A de­sire for a sense of be­long­ing also en­cour­ages moth­ers to make choices that they then feel oth­ers should fol­low and pro­mote. “Moth­er­hood, as with pol­i­tics and re­li­gion, has us nat­u­rally sur­round­ing our­selves with peo­ple who agree with and en­dorse what we be­lieve, be­cause we all want to be­long to some­thing. Women com­ing into a time of change in their lives in the form of moth­er­hood very quickly latch on to be­lief sys­tems – or par­ent­ing choices – that make them feel con­nected to other women,” says An­da­lene. When oth­ers make dif­fer­ent choices to them, de­fen­sive­ness or judg­ment are nat­u­ral side ef­fects.

MEA­SUR­ING THE MAL­ICE Smile and nod if some­one con­fronts you with an opin­ion that makes you feel un­com­fort­able, says An­da­lene. “Ev­ery­one is al­lowed to have an opin­ion, but it’s not okay to com­ment with judg­ment,” she says. “You can thank peo­ple for their in­put, but also be clear that you feel you’ve made the best choice for your fam­ily.”

Per­haps you’ve found your­self do­ing the same to other moms? Be­fore you open your mouth, con­sider your mo­tives for com­ment­ing. Do you think that of­fer­ing a baby a dummy at birth is wrong? Has the mother asked for ad­vice? Then go ahead. Of­fer­ing our opin­ion should come from a place of com­pas­sion. “Ask­ing your­self if what the mom is do­ing will harm the child’s health or well-be­ing is a good yard­stick for de­cid­ing whether to say some­thing or not,” says An­da­lene. If a mom is do­ing some­thing that could en­dan­ger the child’s life – such as not putting a seat­belt on them – then you have an obli­ga­tion to say some­thing, even if it comes across as crit­i­cal. If not, keep it to your­self un­less asked.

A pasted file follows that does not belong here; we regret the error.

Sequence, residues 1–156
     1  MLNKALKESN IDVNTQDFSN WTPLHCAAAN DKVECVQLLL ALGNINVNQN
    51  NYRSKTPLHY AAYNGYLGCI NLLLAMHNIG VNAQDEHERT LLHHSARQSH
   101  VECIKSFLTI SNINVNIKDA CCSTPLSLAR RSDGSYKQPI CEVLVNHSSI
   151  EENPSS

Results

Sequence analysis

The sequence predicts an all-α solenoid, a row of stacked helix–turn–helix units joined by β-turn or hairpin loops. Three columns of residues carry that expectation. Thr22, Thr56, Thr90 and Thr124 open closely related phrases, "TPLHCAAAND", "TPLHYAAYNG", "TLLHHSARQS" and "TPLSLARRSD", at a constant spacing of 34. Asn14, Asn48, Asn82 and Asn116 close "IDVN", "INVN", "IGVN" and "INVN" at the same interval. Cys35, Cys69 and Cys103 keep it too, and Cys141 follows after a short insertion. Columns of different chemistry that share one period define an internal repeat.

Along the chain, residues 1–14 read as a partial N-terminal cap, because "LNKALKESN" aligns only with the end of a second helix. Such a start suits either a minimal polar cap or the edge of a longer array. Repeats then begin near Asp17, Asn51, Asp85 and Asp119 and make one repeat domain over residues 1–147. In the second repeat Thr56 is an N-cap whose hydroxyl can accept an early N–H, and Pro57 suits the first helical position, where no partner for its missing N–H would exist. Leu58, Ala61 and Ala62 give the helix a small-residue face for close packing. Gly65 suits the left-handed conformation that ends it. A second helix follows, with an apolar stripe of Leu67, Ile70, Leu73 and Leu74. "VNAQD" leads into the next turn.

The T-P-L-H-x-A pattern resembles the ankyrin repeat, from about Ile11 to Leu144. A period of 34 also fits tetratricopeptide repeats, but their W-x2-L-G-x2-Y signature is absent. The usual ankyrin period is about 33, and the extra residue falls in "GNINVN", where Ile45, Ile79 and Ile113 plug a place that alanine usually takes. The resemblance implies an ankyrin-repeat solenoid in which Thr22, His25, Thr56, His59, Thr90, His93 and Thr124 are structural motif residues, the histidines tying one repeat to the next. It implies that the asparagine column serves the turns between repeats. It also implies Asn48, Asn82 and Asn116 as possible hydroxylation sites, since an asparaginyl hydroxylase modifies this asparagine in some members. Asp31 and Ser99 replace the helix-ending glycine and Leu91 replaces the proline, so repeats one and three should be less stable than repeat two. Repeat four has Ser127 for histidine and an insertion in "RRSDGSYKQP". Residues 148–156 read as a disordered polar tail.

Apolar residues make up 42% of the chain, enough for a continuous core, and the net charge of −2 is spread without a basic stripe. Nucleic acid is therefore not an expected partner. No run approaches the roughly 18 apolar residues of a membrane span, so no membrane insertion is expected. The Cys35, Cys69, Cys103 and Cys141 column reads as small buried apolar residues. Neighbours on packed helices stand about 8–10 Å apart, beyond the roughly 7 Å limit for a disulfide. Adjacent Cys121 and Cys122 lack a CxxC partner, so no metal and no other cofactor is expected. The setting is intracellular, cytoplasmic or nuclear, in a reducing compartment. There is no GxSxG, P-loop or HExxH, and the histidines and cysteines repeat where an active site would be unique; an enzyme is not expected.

MOMS VS MOMS Where are the dads in all of this con­flict and frus­tra­tion? You don’t hear women call­ing out men when they do some­thing with their kids that we dis­agree with. “Women tend to mea­sure each other by how well they com­mu­ni­cate and feel con­nected in a group. Men have been en­cour­aged to hide their emo­tions and you won’t as of­ten hear them talk­ing about their de­ci­sion as a cou­ple to breast­feed or co-sleep. Women share and care about how their moth­er­ing skills are per­ceived by oth­ers and we set our­selves up as ri­vals rather than hav­ing our own mea­sures of good par­ent­ing in place,” ex­plains An­da­lene.

With this shar­ing, it’s in­evitable that a large amount of com­par­ing will hap­pen. It can be be­wil­der­ing to hear other moth­ers gloat that their baby is sleep­ing through the night or meet­ing de­vel­op­ment mile­stones like a champ. How do you cope if you’re the mom with a baby that’s still not walk­ing at 15 months or hasn’t said “mama” yet?

Take a step back and con­sider what you are us­ing as your yard­stick, rec­om­mends An­da­lene. While your doc­tor will help you es­tab­lish if your child’s de­vel­op­ment should be a real con­cern and needs in­ter­ven­tion, you should fo­cus on the big­ger pic­ture. Con­sider fo­cus­ing on how your child is de­vel­op­ing in char­ac­ter, emo­tional in­tel­li­gence, and other as­pects be­yond the ob­vi­ous and phys­i­cal mile­stones, says An­da­lene. Are you get­ting caught up in com­par­ing their progress to oth­ers when it’s more pro­duc­tive to fo­cus on whether or not you are teach­ing them pa­tience, tol­er­ance, and so on.” In short, your goal should not be to win at a mommy war, or to keep ev­ery­one happy, but rather your fo­cus should be on build­ing a healthy fam­ily unit and a con­fi­dent child with char­ac­ter who can one day make wise choices. YB